Hell Razah - conducted by Bill "Low Key" Heinzelman
<! SUBJECT TITLE>
Hell Razah - The Struggle
<! SUBJECT TITLE>
With over ten years of experience in this Hip Hop game, Hell Razah has certainly paid his dues. As one of standout members of the Sunz Of Man crew, Hell Razah has always been respected as one of the premier emcees coming out of the Wu-Tang family. Now Razah is aligned with Killah Priest, Tragedy Khadafi, Timbo King, and William Cooper to form the underground super group the Black Market Militia. Right before he went on tour overseas, MVRemix spoke with Hell Razah about the Black Market album, as well as his own solo career. Respect the movement!
MVRemix: How did the Black Market Militia crew form?
Hell Razah: Killah Priest basically formed the whole thing from meeting Tragedy at The Source party. So we pitched the idea around to each other and everybody was down. We wanted to make something happen, and we are all similar artists, as far as what we talk about. Plus, we knew it would be real crazy, because it would be a Brooklyn/Queens combination. From there, Priest had some studio time and we just went in and knocked out mad songs. Before you knew it, we had the album finished. We really have two albums done, that is how much material we have. It happened so fast, because we only did a couple of sessions and we ended up with two albums worth of songs. Know we have a classic album!
MVRemix: With so many members, what was the chemistry like recording this album?
Hell Razah: The chemistry was cool, because we talked a lot before we did the songs. It wasn't just a business thing, it was a friendship. We got to relate to each other, and we touched on a lot of topics. We were all in sync with each other, even though there were times when we all weren't in the studio at the same time. Plus, we didn't stay on one song for too long. You know how sometimes you work on one song for like two weeks? Well, it wasn't even like that. Whoever had the idea for the song, there wasn't nobody shooting your idea down. Everybody was pretty much open to all ideas, so it worked out pretty well for us. The chemistry was beautiful man.
And basically, this album is an introduction to everything else we are going to do in the future. Its introducing The Maccabeez, as our album is already done. Then we each have our own solo projects. Killah Priest is finishing his next solo, The Offering. Also, I'm in the studio recording my album, plus we are finishing up Timbo's shit. Tragedy has his 25 To Life project, Thug Matrix Part 3. So the Black Market album is like the red carpet for all the shit. For the next two years, we are going to be flooding the market.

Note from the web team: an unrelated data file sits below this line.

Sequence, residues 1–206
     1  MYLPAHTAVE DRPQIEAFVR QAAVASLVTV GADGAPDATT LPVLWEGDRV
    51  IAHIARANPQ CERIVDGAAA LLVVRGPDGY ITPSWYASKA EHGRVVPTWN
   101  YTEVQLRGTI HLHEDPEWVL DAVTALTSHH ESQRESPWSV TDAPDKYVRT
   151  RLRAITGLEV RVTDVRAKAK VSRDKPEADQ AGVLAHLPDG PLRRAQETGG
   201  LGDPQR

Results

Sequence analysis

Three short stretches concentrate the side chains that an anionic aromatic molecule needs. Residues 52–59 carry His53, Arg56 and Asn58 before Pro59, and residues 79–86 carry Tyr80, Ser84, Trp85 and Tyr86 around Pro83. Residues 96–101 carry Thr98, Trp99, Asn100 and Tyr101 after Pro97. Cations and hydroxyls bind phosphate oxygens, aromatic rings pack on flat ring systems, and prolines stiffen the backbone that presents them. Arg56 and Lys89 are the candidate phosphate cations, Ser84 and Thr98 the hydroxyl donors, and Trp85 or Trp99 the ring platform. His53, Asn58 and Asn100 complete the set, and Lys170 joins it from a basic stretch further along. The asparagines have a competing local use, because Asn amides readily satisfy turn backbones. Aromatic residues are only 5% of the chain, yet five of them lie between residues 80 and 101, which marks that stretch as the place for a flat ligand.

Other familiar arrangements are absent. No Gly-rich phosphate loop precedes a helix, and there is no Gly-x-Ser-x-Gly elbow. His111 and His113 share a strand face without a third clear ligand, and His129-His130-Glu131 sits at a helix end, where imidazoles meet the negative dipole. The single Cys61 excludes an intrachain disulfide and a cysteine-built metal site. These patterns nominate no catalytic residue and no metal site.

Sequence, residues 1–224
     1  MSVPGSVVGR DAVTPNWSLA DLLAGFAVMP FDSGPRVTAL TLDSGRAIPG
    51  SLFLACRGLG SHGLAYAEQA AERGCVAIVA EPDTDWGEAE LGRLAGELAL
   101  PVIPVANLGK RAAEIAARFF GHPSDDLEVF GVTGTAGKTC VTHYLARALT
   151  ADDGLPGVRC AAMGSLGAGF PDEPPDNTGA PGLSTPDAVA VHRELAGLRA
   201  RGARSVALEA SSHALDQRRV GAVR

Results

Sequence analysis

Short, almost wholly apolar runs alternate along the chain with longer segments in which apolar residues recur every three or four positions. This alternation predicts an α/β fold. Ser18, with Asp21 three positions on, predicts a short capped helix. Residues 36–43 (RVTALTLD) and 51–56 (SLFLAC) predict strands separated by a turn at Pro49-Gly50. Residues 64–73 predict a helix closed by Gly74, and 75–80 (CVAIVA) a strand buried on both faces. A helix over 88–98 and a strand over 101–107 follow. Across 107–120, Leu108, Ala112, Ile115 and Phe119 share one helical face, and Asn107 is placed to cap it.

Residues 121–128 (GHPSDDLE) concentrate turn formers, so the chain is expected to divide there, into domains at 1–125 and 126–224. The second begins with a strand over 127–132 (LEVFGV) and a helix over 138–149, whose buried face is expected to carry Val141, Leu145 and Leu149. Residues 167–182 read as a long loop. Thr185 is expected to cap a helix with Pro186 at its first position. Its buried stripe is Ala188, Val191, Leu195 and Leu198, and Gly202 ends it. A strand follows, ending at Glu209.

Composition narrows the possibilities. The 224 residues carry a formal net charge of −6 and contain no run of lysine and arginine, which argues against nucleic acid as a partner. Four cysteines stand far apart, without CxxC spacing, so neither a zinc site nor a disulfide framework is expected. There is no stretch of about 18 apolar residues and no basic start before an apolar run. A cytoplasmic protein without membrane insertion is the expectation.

MVRemix: Overall, what does the Black Market stand for and what is your message on this album?
Hell Razah: Black Market is something that you have to get in the underground or in the underworld. You cant get it from Blockbuster, or any place like that. You have to get it from the streets, so with this album that is our focus, we ain't looking for the radio. So we are using the black market to our advantage, because that is how you get the word out to the streets. Most of the stuff I get, like tapes, Illuminati movies, books, things of that nature, are from the black market. We got a song on the album called "Dead Street Scrolls", and Trag is naming a lot of books and stuff from the black market on that record. William Cooper, who is part of the group, he took that name after the guy who wrote the book Behold The Pale Horse. That is a real deep book, and that is black market. Black Market is controversy given to the people that isn’t going to be on the radio. You get the message and the truth on this album. We are giving it to you raw dog, its not watered down and edited. And originally the Black Market name came from The Maccabeez album title. Then me and Priest, were like, 'Yo, that shit sounds like a bangin' ass title for a group'. Then we came with another name for The Maccabeez album, and took the Black Market name for this group project. So now we are the Black Market Militia, because there is a lot of us. A militia is a whole entourage and shit, so the name is perfect. We represent underground Hip Hop in its purest form. We ain't trying to make commercial records for this album.